Jasper Fiet’s second presentation of the conference focused on Patch and AV for the N-central® solution, covering everything from how to set them up correctly to trouble-shooting problems and keeping them cleaned and maintained.
Starting with patch management, Jasper set out the key background points:
Jasper started off with a live demo showing how to create maintenance windows and when to perform a path detection, and explained how to download and install patches. He then ran through some of the key capabilities of patch management, including:
When approved, patches get downloaded according to your download schedule. If they are downloaded to the probe, the patches get distributed immediately. If not, then will be stored until next installation schedule. Reboots will only occur if the installation patches require it and Reboot Windows permits. Major updates are tested roughly once a week by N-central and then released afterwards.
Jasper continued by working through some of the key areas that people get wrong with patch management.
“Maintenance windows can be an area of confusion for people,” he said. “If you set a window to install patches between 2am and 4am, it will start at any point it is able to during that window, and will only run once. The only reason we have a window with a long time frame is that if devices are not online, the patching process can start at another time during that window.
“Some people think setting a maintenance window for 30 minutes means it will only run for a maximum of 30 minutes—that’s not the intention. On top of this, you need to complete daily detection for patches; if you don’t, you can easily lose track of how your patch management program is going.”
Jasper also noted that users often create all their configurations at the customer level. “This means they don’t have an overview of what’s going on,” he warned. “By doing this on the highest level, you enable yourself to see what you have done for all your customers, and who has what applied.”
You also need to make sure you keep your patch management healthy. “This means monitoring how things are going, but also checking if any patches have been misconfigured or lack information,” said Jasper. “This is maybe worse than a failed installation, as you have no idea how the patch is actually going. You can set up the patch system to send a notification if this happens.”
Jasper supplied a number of resources for troubleshooting patches if they don’t install properly, including: update.icrosoft.com and http://sis.n-able.om (third- party patching). Beyond that, he said it was a three-step process:
“In summary,” Jasper concluded, “make sure you configure your maintenance windows and rules correctly, that you run a daily patch detection window, that you keep your patching system healthy—maintain patching via the patch status service, and keep up-to-date with the latest patch management releases.”
The antivirus in N-central—AV Defender—is fully controllable from within the product and doesn’t require a separate console, so everything is accessed via a single pane of glass. It also allows for the following:
Jasper drew attention to some configuration points, including the ability to exclude things, define where to scan, and where to get updates from. He also highlighted some areas users tend to overlook: For example, we’ve released new modules that are not automatically enabled, such as scan vaccine, which is good against ransomware, behaviour analysis, the ability to create general profiles or customer-specific roles, and different modules selling as premium features.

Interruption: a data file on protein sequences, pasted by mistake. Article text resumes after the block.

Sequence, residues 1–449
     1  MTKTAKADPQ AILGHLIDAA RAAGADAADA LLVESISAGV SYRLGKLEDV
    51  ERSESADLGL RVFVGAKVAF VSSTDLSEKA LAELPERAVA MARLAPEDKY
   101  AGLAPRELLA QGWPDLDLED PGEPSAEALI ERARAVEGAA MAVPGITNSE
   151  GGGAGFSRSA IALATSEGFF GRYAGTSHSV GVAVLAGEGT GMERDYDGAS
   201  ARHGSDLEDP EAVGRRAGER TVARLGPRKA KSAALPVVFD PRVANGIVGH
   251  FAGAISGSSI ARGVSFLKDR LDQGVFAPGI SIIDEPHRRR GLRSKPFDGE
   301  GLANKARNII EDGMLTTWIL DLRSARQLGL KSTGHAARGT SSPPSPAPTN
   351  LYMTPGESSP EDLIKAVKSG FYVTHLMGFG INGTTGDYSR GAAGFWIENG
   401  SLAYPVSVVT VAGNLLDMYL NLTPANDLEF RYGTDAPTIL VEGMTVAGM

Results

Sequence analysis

As well as talking about how to perform installs and where to get updates from, Jasper focused on some key areas of AV best practice. “A lot of people do a full scan of the whole machine, but for AV Defender, you don’t really need that,” he explained. “You only need to scan files that are inactive, as every file that is opened will be scanned. A full scan is recommended on a monthly, not weekly, basis. And since there is a CPU load from that, we suggest you do this outside of patch or backup windows. The primary reason we get high CPU loads is because we scan archive files, which mean we have to unpack the files.”
Another element of best practice is keeping the system healthy. “You need to make sure you know when your AV is not reporting as much as when it is reporting in viruses,” said Jasper. “AV Defender will supply you with data on misconfigurations to help you ensure you know exactly what is going on with all your devices.”
Jasper concluded by looking at two further functions, the Sys-tray icon and the reporting functionality. With Sys-tray, it’s crucial to know when to use the notifications. “If you show alerts to your end users, they are going to phone your office and say, ‘hey, I got a virus,’ or ‘something is happening on my machine,’” said Jasper. “This is only handy if your customer is on an hourly contract, but if your customer is on a fully managed program, you don’t want them to call you all the time. You already know the issue.”
Adding to this, Jasper provided a walkthrough on how to manage the Sys-tray settings.
Finally, he looked at reporting. “The reporting functionality allows you to take your service to the next level and actually start being an advisor to your customers,” Jasper elaborated. “Being able to see the top 10 devices with the most infections, means, for example, that you could see that the person in HR with access to lots of sensitive data is getting the most infections, so instead of just being the techy guys, you can advise you customer on this and suggest training or other interventions for the company to consider.”
Jasper Fiet is manager, sales engineering EMEA, for SolarWinds MSP
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